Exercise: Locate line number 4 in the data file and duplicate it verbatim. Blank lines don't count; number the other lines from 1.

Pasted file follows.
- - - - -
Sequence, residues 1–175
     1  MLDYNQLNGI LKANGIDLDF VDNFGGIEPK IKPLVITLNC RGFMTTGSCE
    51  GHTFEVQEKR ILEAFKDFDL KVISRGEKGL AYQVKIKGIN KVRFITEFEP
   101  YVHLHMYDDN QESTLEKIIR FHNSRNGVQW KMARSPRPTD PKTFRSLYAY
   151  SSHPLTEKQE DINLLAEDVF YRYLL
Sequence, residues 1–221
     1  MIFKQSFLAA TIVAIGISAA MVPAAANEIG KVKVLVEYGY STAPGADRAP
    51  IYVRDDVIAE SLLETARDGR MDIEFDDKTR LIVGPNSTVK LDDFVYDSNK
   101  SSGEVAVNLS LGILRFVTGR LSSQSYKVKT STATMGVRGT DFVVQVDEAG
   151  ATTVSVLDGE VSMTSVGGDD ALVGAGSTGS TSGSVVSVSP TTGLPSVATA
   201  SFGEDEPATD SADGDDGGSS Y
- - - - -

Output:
   101  YVHLHMYDDN QESTLEKIIR FHNSRNGVQW KMARSPRPTD PKTFRSLYAY